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Various Artists - Election 2004: Anti-Theft Device

Election 2004:
Anti-Theft Device

Various Artists

A Waterbug Project

Waterbug Records
800 466 0234

A review written for the Folk & Acoustic Music Exchange
by Guntram Gudowius

Election 2004 - it certainly didn't get the result that the artists of this project had sung for. Even though the election is over and done, this is an excellent document of people getting involved to work for a change. This collection of songs deserves to be listened to at least till the next election...maybe there'll even be the need for an update.

The 15 artists that Waterbug brought together for this album span the entire spectrum of the singer/songwriter world, from legends like Steve Gillette and Jack Hardy, well established artists like Chuck Brodsky, Hugh Blumenfeld and Andrew Calhoun, gems the likes of Chris Chandler & Anne Feeney, Kate McDonnell or Sons Of The Never Wrong, to people still unknown to me. But don't get me wrong here, each track stands up on its own, is very finely crafted and fits into this framework of songs (and two poems) of concern. It sure is an emotional roller coaster that moves from funny and satirical to very moving lyrics.

The album opens with The Wumper by Steve Gillette, a funny tongue in cheek view from the rich with attitude that the poor can get screwed.

Mercy by Kate McDonnell is a heartwrenching appeal for more tolerance and "love thy neighbor" in times of war in the best humanistic sense.

Dan Bern demands that Bush Must Be Defeated, repeating it like a mantra and finding lots of words that rhyme with 'defeated.'

"Lied" is the statement of Myshkin's Ruby Warblers and points out that the reasons to go to war have disappeared.

In Hugh Blumenfeld's King George III, George is described as a not too bright ruler and examples given of his failed politics from debt, pollution control to the war.

You Better Keep An Eye On Him demand Jonathan Byrd & Dromedary , because he's deceptive and not too bright.

The Civilised World, a poem by Les Barker asks what was accomplished by "beating the crap out of everybody" instead of to stop selling weapons and using political solutions.

Sons Of The Never Wrong sing about being Born A Thousand Times and still taking the same stand, demanding that the soldiers be sent home, and lamenting those who can't come home anymore. One verse of We Shall Overcome is sung in beautiful harmony at the end.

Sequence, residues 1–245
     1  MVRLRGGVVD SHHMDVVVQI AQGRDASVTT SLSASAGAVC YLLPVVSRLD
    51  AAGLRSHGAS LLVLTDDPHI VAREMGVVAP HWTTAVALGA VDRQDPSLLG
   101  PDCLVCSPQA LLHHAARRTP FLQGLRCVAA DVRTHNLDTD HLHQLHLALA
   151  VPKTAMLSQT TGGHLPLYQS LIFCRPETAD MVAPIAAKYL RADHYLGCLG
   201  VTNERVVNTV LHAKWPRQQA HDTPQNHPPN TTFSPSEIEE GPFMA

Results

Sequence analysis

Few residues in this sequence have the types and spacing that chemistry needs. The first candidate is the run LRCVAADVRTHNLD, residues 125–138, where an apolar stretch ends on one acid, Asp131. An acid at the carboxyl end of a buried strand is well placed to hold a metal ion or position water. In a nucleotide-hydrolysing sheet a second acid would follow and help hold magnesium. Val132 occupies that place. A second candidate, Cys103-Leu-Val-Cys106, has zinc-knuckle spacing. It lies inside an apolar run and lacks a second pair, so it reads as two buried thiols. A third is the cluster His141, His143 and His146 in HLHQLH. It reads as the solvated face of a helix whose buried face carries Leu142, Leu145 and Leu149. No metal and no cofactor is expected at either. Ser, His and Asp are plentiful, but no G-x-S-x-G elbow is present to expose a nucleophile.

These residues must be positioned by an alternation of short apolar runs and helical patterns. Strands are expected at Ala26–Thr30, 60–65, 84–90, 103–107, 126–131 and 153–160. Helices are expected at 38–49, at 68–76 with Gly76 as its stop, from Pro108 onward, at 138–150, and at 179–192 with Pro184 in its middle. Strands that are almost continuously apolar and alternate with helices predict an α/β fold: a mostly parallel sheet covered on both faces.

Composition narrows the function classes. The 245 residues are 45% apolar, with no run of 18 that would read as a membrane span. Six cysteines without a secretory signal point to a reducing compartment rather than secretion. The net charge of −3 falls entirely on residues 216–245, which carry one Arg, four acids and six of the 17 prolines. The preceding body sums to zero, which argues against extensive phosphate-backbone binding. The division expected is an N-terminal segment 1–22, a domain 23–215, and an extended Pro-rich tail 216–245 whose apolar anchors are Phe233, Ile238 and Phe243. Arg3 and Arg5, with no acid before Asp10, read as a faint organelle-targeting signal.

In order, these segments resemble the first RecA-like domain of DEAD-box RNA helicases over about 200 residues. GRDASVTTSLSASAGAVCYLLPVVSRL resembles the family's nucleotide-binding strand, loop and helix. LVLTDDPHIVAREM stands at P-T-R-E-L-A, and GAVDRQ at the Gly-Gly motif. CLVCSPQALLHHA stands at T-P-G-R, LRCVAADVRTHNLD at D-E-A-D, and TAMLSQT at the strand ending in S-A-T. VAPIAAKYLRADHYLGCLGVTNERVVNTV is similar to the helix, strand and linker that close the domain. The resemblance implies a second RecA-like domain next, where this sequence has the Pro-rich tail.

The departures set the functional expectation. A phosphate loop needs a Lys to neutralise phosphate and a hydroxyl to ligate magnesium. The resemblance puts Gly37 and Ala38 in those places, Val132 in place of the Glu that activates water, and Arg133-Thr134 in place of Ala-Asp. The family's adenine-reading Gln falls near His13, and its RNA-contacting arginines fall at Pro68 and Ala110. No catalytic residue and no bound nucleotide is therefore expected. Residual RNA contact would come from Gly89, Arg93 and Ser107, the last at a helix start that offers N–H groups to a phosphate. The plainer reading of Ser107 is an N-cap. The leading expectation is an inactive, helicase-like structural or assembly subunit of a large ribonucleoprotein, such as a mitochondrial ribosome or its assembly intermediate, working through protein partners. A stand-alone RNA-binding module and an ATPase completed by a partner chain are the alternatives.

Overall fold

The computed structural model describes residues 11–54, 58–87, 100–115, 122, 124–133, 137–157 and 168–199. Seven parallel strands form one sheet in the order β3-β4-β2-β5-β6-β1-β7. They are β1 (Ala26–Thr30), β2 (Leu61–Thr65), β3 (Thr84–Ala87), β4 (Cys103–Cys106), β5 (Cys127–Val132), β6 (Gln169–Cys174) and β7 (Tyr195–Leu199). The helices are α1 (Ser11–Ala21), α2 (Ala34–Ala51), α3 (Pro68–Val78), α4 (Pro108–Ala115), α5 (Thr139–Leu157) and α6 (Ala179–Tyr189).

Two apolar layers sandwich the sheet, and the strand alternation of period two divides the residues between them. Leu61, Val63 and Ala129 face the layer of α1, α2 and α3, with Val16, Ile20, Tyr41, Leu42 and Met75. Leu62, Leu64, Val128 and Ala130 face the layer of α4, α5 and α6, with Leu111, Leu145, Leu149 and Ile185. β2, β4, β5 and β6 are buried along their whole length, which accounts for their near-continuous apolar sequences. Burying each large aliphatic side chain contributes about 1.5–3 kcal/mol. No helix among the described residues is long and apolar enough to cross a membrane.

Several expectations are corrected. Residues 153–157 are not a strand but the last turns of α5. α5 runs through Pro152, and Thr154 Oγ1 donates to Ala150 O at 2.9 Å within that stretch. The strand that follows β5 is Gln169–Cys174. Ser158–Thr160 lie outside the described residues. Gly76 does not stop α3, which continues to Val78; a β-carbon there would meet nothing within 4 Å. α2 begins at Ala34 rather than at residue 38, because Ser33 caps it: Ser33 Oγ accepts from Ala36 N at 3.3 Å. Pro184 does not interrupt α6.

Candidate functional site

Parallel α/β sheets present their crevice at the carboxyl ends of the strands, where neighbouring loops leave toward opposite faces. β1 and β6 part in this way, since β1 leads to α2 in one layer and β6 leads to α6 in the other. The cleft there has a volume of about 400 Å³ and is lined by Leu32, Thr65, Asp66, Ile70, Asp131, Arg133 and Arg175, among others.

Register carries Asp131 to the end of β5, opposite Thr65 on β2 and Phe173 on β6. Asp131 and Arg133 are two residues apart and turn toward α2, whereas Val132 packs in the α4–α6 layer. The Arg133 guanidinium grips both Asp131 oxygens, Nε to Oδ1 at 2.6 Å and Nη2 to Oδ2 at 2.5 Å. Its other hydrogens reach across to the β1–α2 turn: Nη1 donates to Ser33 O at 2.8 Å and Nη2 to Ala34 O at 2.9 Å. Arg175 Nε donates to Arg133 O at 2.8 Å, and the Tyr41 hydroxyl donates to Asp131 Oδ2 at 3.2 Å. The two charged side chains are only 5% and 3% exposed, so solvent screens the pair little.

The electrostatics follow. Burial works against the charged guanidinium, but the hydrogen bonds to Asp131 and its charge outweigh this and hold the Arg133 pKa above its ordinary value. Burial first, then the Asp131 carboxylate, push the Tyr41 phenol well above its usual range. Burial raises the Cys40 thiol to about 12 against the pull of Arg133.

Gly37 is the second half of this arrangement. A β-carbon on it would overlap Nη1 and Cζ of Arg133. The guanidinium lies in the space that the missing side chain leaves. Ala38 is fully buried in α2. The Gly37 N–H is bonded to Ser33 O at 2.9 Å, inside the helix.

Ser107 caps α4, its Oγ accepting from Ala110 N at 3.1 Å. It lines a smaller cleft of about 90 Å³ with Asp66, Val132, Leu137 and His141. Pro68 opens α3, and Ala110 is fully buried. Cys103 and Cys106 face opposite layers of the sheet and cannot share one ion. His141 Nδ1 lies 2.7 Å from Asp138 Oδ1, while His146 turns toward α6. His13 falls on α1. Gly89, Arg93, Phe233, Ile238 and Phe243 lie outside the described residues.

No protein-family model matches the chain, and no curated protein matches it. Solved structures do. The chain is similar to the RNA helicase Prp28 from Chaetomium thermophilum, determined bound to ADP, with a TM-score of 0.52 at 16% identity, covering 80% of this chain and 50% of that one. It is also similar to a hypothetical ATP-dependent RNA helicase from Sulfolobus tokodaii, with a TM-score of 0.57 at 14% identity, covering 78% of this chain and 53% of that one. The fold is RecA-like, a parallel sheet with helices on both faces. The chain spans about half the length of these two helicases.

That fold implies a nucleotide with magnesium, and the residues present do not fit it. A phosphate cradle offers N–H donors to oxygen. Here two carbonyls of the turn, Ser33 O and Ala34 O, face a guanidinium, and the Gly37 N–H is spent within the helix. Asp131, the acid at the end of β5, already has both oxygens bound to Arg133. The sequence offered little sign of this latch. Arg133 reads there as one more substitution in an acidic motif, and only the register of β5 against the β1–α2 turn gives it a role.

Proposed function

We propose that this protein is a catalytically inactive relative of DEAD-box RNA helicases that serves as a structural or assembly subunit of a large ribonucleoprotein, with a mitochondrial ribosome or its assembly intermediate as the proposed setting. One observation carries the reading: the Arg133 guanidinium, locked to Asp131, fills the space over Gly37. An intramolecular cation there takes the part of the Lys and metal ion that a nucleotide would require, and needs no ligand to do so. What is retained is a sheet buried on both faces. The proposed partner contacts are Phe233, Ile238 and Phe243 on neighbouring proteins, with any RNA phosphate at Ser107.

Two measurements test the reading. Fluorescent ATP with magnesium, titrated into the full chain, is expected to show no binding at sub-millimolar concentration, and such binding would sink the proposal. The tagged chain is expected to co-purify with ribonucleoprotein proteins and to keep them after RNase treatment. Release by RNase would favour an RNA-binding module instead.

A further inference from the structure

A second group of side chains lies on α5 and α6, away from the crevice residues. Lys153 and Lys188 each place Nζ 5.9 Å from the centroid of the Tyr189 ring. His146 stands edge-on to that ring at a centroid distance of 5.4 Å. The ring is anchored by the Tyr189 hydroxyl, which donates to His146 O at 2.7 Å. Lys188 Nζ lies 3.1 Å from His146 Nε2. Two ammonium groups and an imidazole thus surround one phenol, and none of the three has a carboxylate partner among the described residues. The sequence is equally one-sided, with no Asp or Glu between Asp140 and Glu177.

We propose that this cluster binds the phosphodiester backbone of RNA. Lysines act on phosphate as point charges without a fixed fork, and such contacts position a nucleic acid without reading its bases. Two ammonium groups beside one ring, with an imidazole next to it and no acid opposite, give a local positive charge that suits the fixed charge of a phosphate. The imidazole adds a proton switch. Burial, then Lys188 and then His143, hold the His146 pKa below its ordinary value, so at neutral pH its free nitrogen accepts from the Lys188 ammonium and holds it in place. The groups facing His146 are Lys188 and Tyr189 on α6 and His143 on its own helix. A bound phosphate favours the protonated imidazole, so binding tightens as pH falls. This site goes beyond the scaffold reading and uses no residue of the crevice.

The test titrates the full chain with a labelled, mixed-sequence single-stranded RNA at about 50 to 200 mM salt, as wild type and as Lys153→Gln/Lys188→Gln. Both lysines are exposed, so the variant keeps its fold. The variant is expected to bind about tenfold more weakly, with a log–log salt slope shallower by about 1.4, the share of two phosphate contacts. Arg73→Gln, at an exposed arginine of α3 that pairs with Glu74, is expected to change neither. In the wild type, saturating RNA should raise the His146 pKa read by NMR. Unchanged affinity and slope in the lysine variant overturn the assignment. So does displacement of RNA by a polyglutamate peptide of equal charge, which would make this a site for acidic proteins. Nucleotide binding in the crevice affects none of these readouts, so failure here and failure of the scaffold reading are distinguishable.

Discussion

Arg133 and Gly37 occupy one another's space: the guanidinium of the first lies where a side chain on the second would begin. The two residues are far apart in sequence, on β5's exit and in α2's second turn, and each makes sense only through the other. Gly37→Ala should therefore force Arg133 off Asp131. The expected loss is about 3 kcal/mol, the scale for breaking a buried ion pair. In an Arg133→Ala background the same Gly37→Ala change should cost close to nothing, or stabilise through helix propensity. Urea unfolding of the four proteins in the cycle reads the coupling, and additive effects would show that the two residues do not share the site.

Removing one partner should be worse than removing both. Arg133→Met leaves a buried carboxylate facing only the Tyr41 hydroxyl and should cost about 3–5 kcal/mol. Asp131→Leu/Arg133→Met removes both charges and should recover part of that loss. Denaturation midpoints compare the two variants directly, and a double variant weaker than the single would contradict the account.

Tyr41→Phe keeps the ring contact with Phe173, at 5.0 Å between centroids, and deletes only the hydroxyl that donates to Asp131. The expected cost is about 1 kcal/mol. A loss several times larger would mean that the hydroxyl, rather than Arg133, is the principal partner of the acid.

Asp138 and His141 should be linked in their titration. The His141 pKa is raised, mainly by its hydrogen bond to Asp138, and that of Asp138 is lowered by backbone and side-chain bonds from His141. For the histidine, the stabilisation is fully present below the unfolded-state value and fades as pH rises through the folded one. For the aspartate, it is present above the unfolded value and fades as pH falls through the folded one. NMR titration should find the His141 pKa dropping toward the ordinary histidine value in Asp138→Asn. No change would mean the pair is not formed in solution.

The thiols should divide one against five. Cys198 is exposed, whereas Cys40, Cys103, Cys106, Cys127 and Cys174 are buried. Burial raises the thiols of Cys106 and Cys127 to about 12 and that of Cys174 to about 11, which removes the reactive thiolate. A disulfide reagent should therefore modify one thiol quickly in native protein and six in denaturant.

Chris Chandler & Anne Feeney's Carnivals #3 has the characters of government moved into a carnival show, very funny and satirical, full of great images.

Jack Hardy discovers that he's In Bed With The Enemy, from oil to multinational companies and so "it's hard to rattle your saber."

Chuck Brodsky warns of these Dangerous Times in which anybody could be a suspected terrorist because he/she doesn't display a flag or has dissenting views; thus civil rights get cut.

Anais Mitchell's Two Kids tells of the things that a kid notices, like the father storing canned supplies for emergency because some people hate the US and thinking it's her fault...then a verse is sung in an Arabic sounding language (supposedly the view of a kid from the other side) the end she's protected by her Superman blanket.

The other poem, Short Ode, written by Stephen Vincent Benet and performed by Andrew Calhoun, reminds us that the common soldiers are the ones that are killed and that there are still tyrants and kings.

Michael Troy sings about The Thief as a biblical story, Jesus(?) asks his father about the ways of men he doesn't understand.

Joyce Andersen's heart is Filled With Love and she points out that no matter what race or religion you belong to only love conquers fear and hate.

This is a very fine topical album. I guess most of us wished that the election would have turned out differentlyTo the musicians involved, thanks for the effort and showing your concern.

Edited by: David N. Pyles

Copyright 2005, Peterborough Folk Music Society.
This review may be reprinted with prior permission and attribution.

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